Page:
During the Stone Age, humans shifted from the nomadic lifestyle to the more settled life of farmers. A documentary on an important period of human history. Watch Part 2 here: https://youtu.be/XSGRd5Ve1zI
Around 12,000 years ago, humans underwent a transition from nomads to settlers. That epoch, the Stone Age, produced monumental building works. Part 1 of this two-part documentary illuminates the cultural background of these structures and shows the difficulties Stone Age humans had to contend with. Until around 10,000 BC, humans lived as hunters and gatherers. Then an irreversible change began. Settlements formed. "For millions of years humans lived as foragers and suddenly their lives changed radically. This was far more radical than the start of the digital age or industrialization," says prehistorian Hermann Parzinger, president of the Prussian Cultural Heritage Foundation. For a long time, scholars believed that a sedentary lifestyle was a prerequisite for constructing large buildings. Then archaeologist Klaus Schmidt discovered Göbekli Tepe in southern Turkey, a 12,000-year-old complex of stone blocks weighing up to 20 tons. Its builders were still hunter- gatherers. They decorated the stone columns with ornate animal reliefs. How these structures were used and who was allowed access to them remains a mystery. But we now know that the site was abandoned and covered over once settlements took root. Human development continued its course. The discovery of agriculture and animal husbandry led to larger settlements, a changed diet and ultimately to dependence on material goods. This social upheaval in the late Neolithic period has influenced our lives up to the present day. But experts agree that the monuments of the Stone Age prove that humans have gigantomanic tendencies and a need to immortalize themselves.
Paleolithic Age- https://www.newworldencyclopedia.org/entry/Paleolithic_Age
In 1177 B.C., marauding groups known only as the "Sea Peoples" invaded Egypt. The pharaoh's army and navy managed to defeat them, but the victory so weakened Egypt that it soon slid into decline, as did most of the surrounding civilizations. After centuries of brilliance, the civilized world of the Bronze Age came to an abrupt and cataclysmic end. Kingdoms fell like dominoes over the course of just a few decades. No more Minoans or Mycenaeans. No more Trojans, Hittites, or Babylonians. The thriving economy and cultures of the late second millennium B.C., which had stretched from Greece to Egypt and Mesopotamia, suddenly ceased to exist, along with writing systems, technology, and monumental architecture. But the Sea Peoples alone could not have caused such widespread breakdown. How did it happen?
In this major new account of the causes of this "First Dark Ages," Eric Cline tells the gripping story of how the end was brought about by multiple interconnected failures, ranging from invasion and revolt to earthquakes, drought, and the cutting of international trade routes. Bringing to life the vibrant multicultural world of these great civilizations, he draws a sweeping panorama of the empires and globalized peoples of the Late Bronze Age and shows that it was their very interdependence that hastened their dramatic collapse and ushered in a dark age that lasted centuries.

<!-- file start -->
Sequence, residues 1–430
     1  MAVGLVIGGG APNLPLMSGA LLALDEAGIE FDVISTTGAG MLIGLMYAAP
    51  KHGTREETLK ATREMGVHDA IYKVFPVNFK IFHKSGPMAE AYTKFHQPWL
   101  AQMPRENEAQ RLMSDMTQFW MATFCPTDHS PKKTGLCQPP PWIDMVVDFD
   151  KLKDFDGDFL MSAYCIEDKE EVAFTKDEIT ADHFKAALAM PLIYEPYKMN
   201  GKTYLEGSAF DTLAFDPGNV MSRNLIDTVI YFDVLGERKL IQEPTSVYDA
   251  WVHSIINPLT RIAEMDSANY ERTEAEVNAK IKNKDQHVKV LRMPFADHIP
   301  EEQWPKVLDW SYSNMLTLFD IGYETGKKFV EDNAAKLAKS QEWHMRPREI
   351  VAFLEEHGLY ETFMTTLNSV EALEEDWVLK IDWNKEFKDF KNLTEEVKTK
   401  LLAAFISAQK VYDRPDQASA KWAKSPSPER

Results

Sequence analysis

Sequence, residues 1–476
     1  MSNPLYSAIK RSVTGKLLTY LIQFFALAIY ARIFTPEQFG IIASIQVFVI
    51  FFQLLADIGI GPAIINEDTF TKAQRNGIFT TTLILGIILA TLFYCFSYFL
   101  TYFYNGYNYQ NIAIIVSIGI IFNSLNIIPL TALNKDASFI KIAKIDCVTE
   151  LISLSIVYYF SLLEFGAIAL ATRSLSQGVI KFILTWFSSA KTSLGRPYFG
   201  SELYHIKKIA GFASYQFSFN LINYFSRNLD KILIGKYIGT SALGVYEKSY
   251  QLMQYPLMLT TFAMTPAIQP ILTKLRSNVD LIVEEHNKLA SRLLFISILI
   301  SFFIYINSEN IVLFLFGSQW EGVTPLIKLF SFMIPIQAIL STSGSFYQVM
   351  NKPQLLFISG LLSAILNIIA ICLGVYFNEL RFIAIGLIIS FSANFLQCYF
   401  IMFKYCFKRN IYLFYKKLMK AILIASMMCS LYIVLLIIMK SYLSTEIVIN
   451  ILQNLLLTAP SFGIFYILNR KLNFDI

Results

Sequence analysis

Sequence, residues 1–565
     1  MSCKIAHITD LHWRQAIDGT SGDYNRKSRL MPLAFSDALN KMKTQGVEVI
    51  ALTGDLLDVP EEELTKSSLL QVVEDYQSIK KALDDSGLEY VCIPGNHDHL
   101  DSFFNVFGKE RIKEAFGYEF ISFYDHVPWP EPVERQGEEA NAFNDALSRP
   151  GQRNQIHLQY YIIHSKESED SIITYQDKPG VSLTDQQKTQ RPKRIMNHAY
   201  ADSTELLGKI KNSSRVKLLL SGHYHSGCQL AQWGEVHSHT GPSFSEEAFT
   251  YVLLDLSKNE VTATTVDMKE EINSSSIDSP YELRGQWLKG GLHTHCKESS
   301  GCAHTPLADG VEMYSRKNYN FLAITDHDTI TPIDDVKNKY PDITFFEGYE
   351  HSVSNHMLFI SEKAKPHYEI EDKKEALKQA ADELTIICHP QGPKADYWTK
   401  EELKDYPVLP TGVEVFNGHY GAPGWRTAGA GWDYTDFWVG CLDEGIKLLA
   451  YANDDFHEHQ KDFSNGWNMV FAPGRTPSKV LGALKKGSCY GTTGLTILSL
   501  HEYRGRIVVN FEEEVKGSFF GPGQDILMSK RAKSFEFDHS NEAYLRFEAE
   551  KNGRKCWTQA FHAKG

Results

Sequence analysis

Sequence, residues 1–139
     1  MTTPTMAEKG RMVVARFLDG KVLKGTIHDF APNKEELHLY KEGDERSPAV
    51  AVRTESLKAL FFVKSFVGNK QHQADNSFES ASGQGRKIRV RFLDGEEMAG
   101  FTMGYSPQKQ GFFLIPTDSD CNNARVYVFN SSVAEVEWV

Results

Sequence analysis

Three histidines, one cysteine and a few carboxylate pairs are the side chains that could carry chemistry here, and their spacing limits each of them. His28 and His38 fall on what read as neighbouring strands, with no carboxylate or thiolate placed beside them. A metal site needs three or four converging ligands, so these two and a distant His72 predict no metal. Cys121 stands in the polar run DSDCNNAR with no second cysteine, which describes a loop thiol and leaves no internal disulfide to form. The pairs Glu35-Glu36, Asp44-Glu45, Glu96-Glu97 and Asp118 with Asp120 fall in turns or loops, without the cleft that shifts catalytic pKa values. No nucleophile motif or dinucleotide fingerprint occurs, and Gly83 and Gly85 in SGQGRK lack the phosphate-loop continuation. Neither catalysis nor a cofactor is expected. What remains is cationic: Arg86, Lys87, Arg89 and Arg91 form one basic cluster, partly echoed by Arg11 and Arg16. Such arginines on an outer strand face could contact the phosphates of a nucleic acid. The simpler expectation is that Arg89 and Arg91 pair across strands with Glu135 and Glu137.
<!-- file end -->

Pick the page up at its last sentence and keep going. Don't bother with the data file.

A compelling combination of narrative and the latest scholarship, 1177 B.C. sheds new light on the complex ties that gave rise to, and ultimately destroyed, the flourishing civilizations of the Late Bronze Age--and that set the stage for the emergence of classical Greece.
TITLE Photo: The Ain Sakhri lovers. British Museum: 11,000-year-old Natufian sculpture. The Epipaleolithic Natufian culture existed from around 13,050 to 7,550 BC in the Levant. The culture was unusual in that it supported a sedentary or semi-sedentary population even before the introduction of agriculture. The Natufian communities may be the ancestors of the builders of the first Neolithic settlements of the region, which may have been the earliest in the world. Natufians founded Jericho, which may be the oldest city in the world. Some evidence suggests deliberate cultivation of cereals, specifically rye, by the Natufian culture, at Tell Abu Hureyra, the site of earliest evidence of agriculture in the world.
Michael Balter, Science Magazine, in re: Archaeology thinks that Mankind made leaps of cognition over the last hundred thousand years that explain revolutions in managing our environment and our habitat, and our ability to cook – leading to better nutrition and better brains.
It wasn’t so long ago that the majority of archaeologists were focussed on the Upper Paleolithic in Europe, about 50,000 years ago. Theory was that people didn’t do art till they got to Europe [puzzling!]. Now we see it goes back 200,000 years in Africa. Till ten years ago we had no real evidence that people then had engaged in symbolic behavior (such as art). With spear points, we're pushing it back farther. In South Africa, very sophisticated behavior going back 500,000 years – and who knows how much farther back it'll go as we unearth more evidence? Gaps in the record are due not only to patchy excavation; there are times when complex behavior and symbolic behavior are more appropriate, certainly among large groups, where people may wear ornaments.
Natufians, farmers of the Near East: the Neolithic “revolution”; they were sophisticated hunter-gatherers, wore ornaments. Site Karna 4, in Eastern Jordan, found sophisticated huts, habitations, ornaments, shell beads – some of the beads come from 2,000 km away in the Indian Ocean. . . . once you had agricultural surplusses in order to have village life, you get to fairly dramatic changes. Evolution, not revolution, for Homo sapiens.
WHO THEY WERE